The Code Shall Set You Free

I was recently asked why I don’t comment my code. It’s a fair enough question. There was a time when commenting your code was the done thing. I was once a great believer in commenting code as much as possible and would bash those that didn’t, but now I vary rarely comment my code at all. In my current project of over 1,500 LOC, there are only a handful of comments. Many people will argue this is irresponsible. Well how is anyone supposed to pick up and understand my code, if it’s not commented?

The code should comment itself.

That just sounds silly. It’s like saying a car should drive itself. But it can be done. A lot of this change of heart about comments has come from my commitment to becoming a better developer and spending countless hours reading about the practice of great development, which is something I’ve written about in the past. I’m a big believer that most of the time if you need to comment a piece of code, then it’s either bad code or too complicated. Of course that’s not true 100% of the time, but for the other 99% it really is. There are cases where things need to be explained and especially warned of, but a lot of the time, commenting is just an easy escape from having to do “proper” coding. It took me years and years to get a basic understanding of proper OO and I’ve still got a long way to go to reaching Journeyman levels of understanding, but I would always create large objects with huge and complex methods, when really what I needed were more concise classes with more responsibility for what they should be able to do. It’s not object orientated when you’re focus is on the method and not the class.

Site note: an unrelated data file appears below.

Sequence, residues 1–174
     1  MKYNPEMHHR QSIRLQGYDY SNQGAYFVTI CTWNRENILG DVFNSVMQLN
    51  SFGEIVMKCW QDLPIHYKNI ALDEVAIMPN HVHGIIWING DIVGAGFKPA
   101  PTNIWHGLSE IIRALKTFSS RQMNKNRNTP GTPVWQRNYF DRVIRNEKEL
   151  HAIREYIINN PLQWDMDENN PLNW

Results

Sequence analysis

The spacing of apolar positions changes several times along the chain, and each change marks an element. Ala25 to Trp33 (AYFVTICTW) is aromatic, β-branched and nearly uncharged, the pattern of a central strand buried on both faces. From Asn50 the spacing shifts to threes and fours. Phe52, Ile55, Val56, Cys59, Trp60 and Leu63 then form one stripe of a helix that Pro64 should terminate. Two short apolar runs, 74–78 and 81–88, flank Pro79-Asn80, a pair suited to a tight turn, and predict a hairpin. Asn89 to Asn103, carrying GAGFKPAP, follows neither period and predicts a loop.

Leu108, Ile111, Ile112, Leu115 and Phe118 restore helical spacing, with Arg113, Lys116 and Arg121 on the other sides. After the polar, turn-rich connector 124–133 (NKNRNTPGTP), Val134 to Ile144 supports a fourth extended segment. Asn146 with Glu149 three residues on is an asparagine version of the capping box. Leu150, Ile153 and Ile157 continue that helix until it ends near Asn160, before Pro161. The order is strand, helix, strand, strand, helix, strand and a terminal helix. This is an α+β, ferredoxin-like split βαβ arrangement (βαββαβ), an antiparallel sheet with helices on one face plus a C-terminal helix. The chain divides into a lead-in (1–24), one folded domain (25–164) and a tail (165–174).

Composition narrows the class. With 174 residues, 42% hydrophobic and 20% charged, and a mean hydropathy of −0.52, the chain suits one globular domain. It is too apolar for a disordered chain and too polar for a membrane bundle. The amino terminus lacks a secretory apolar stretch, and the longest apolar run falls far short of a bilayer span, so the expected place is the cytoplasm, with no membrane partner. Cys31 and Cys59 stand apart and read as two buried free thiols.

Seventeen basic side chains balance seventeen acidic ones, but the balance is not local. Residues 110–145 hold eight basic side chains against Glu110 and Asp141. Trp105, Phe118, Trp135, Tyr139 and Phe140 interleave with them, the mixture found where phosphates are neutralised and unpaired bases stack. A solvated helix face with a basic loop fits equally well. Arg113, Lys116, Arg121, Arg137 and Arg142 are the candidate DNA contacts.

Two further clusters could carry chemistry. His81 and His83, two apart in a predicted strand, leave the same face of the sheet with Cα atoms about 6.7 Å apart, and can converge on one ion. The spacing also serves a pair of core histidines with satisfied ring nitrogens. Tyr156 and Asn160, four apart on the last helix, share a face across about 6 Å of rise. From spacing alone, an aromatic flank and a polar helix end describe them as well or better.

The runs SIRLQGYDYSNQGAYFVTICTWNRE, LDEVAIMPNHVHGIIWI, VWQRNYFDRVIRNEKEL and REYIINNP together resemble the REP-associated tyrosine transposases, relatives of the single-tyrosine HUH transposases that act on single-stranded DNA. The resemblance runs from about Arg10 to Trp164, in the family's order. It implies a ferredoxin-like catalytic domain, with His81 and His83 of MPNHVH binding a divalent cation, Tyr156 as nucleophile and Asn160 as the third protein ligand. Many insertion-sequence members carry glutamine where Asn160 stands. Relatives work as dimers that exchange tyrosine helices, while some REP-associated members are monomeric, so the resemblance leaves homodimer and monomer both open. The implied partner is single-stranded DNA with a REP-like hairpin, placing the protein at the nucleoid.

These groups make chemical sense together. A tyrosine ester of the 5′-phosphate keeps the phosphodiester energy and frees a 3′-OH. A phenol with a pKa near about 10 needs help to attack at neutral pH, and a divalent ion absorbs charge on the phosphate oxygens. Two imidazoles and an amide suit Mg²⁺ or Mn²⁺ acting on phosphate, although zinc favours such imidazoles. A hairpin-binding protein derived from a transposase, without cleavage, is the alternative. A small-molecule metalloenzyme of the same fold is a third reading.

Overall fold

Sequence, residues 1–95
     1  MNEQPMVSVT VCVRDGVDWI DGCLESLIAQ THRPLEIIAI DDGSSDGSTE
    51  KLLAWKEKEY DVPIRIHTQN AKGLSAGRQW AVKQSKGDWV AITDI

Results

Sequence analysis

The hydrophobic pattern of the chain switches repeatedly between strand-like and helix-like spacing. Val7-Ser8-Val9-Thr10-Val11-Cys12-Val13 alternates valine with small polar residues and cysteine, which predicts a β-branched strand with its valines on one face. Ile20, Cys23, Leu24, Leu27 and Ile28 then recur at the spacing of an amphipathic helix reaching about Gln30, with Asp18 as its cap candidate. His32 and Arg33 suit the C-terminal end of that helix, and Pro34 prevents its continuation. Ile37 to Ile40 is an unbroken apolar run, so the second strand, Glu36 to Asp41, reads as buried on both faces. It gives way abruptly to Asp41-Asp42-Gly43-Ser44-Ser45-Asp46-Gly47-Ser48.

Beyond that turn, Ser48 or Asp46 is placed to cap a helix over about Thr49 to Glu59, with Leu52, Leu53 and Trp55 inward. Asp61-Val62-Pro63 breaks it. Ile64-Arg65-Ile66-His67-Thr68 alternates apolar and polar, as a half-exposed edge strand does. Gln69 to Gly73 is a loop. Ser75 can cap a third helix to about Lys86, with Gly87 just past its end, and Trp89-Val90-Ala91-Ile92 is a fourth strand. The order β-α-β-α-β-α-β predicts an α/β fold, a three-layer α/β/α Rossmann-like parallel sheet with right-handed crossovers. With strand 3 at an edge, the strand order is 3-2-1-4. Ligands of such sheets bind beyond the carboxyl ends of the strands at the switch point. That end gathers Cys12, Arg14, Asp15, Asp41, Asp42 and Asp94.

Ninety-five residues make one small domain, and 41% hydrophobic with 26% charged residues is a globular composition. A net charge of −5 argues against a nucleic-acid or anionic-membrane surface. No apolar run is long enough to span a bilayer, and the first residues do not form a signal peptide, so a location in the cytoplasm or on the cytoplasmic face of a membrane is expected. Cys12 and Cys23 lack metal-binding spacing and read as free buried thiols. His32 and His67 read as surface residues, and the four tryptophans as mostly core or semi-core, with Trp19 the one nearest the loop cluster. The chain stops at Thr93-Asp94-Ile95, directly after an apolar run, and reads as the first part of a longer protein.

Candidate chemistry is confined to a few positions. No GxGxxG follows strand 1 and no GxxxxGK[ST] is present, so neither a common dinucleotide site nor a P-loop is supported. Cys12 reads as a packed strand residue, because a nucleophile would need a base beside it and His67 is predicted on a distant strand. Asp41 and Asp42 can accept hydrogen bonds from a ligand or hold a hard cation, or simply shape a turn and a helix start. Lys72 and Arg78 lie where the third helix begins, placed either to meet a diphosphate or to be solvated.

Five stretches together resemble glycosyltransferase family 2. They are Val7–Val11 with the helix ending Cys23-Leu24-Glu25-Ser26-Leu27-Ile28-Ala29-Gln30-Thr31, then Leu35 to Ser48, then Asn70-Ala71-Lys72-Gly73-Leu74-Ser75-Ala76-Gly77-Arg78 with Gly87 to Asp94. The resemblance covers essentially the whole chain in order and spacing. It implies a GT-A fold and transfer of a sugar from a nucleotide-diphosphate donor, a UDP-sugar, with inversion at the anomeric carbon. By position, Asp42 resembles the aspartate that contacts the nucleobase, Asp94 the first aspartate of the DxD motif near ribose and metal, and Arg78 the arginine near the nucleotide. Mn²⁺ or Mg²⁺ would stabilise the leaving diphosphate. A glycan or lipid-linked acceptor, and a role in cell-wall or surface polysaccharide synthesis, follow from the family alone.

A simple example of commented code:

Most comments can be done away with. If we split out functionality into more concise bits, then just reading the code should explain what’s happening better:

This isn’t a great example as once again the validation of whether the food can/will be eaten should move into it’s own method or class ever. If we’re follow Uncle Bob’s SOLID principles, the above examples breaks the OCP (Open Closed Principle) where entities should be open to extension and closed to modification. If more validation rules were needed, then that would require the code to be modified.

rake spec fixtures failing

For some reason my rspec fixtures were not loading into my development database when doing spec:db:fixtures:load. An extra parameter to db:fixtures:load is all that’s needed.

Fixed by:

RSpec + Autotest + Growl + Doom Guy

I spent this morning playing around with autotest, but was getting really flaky results with the Growl notifications. I tried about four different autotest configs, but none of them seemed to consistently worked. I remembered that the Growl notifications at Thursday’s Coding Dojo worked pretty well, so after some digging around I found the config on their github. After a tiny tweaking I was even able to get it to work with Przemysław Kowalczyk’s Doom Guy. I’ve packaged it all up and put it on Github. Enjoy.

doomguy-growl-autotest